Perhaps you've been dating for a while and are thinking about taking the next step, such as getting engaged or married. Or maybe you've only recently started seeing each other and aren't sure if you should continue.
A check-in with your partner is never a bad thing, no matter what your situation is.
Is it time for me to get married?
When it comes to figuring out the answer to this deeply personal decision, how you approach it matters a lot, and knowing which questions to ask yourself and your boyfriend or girlfriend will help you figure it out.
Here are 20 deep questions to ask yourself and your boyfriend or girlfriend to assess your relationship before taking a major step like getting engaged, moving in together, or marrying.
1. Is it making me better or worse, for better or worse?
Does your partner encourage you to be your best self, or does he or she become intimidated by your accomplishments and feel more secure when you aren't? Does he or she make you feel safe and loved, or does he or she create drama and leave you in a state of limbo?
Toxic partners deplete and demoralize us, whereas happy, healthy partners bring a sense of calm and excitement into our lives.
It's best to fly solo if your co-pilot isn't trustworthy or prepared to fly long distances.
2. Do we truly accept each other?
There will always be things you wish you could change about the people in your life, but no one should feel unable to be authentic and accepted as the one-of-a-kind (yet flawed) individual they are.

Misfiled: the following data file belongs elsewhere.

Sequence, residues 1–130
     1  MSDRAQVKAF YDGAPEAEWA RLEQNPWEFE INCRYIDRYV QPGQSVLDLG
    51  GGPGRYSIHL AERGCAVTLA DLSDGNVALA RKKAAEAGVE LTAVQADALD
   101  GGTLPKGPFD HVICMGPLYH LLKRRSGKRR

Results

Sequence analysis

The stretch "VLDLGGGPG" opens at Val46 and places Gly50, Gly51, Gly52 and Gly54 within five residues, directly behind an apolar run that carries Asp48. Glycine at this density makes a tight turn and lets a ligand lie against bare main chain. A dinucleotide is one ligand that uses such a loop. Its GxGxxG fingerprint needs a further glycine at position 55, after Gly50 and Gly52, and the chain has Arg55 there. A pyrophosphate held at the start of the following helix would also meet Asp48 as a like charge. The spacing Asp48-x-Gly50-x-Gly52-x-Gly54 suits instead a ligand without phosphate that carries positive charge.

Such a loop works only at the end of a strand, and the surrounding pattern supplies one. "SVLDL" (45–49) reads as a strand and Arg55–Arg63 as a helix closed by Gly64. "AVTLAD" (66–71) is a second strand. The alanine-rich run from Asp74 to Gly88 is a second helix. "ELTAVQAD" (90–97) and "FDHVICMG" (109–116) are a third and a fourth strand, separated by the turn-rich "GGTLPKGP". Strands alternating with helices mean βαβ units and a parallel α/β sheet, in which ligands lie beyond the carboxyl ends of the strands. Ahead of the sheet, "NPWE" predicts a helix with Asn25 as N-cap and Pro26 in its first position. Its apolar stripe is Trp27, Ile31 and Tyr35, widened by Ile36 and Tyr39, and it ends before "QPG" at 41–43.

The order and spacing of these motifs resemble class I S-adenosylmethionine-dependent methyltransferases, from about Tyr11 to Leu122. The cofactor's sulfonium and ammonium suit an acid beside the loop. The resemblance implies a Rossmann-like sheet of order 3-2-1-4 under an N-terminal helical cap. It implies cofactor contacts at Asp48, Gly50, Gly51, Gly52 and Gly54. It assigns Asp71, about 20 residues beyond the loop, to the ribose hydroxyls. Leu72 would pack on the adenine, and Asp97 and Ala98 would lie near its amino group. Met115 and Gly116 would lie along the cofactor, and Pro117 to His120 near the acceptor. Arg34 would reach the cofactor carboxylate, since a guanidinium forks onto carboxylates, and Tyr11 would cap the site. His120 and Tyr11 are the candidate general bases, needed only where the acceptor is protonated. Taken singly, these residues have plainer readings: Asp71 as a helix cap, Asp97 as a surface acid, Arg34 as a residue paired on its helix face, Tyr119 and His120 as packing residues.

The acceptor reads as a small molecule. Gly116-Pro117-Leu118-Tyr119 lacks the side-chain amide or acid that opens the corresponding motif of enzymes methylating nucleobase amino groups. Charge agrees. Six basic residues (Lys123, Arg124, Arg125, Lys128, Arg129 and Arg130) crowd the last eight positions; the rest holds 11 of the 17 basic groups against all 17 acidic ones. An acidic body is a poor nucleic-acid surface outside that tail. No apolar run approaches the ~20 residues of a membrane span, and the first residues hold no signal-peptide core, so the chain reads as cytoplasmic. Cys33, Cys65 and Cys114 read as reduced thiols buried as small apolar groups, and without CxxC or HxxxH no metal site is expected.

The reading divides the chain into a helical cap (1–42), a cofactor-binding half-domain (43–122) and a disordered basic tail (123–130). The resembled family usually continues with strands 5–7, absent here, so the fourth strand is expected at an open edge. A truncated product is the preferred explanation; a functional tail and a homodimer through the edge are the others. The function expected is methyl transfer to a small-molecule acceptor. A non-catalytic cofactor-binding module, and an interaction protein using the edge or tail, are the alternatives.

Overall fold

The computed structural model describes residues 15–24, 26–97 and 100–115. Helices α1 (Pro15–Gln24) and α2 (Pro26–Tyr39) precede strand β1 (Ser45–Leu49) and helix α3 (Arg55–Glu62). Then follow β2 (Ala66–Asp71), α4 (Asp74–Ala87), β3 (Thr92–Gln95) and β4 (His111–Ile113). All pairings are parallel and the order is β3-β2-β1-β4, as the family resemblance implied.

3. Who am I, exactly?
If you don't know who you are, how can you tell if your partner is a good match?
Take some time to consider who you are and who you want to be. Learn about your values, non-negotiables, and short- and long-term objectives.
Before bringing someone else into your life, it's critical to have a good understanding of what you want to experience and achieve in life, as well as what you truly like and don't like.
4. Is it true that I am content in this relationship?
The goal of sharing a life together isn't to find someone who will make you happy or complete you. But, let's be honest, being unhappy at home can spill over into other aspects of your life... as well as quickly.
If you're constantly fighting or just don't feel good about your relationship, it doesn't mean you have to leave (counseling could be a good option), but marrying someone in the hopes of changing things is a bad, bad idea.
5. Do I have a sense of being trapped?
Do you want to spend the majority of your time in this relationship or do you find yourself wishing for a way out? Do you stay because you've put in time or because you truly care about your partner? Do you like them, or do you think they're only good on paper?
6. What am I doing to stifle our progress?
Perhaps you could be more alert, thoughtful, and quick to let go of things, or you could be the first to suggest going to counseling. Perhaps you're pushing them away because of childhood memories, or your friends are doing "what you always do."
Take this as a sign to step up, whatever it is.
7. Is this a balanced relationship?
Do you think you and your partner are on the same page when it comes to compromise, compassion, support, effort, and sacrifice? Or is one of you doing the majority of the giving while the other simply sits with their hand extended?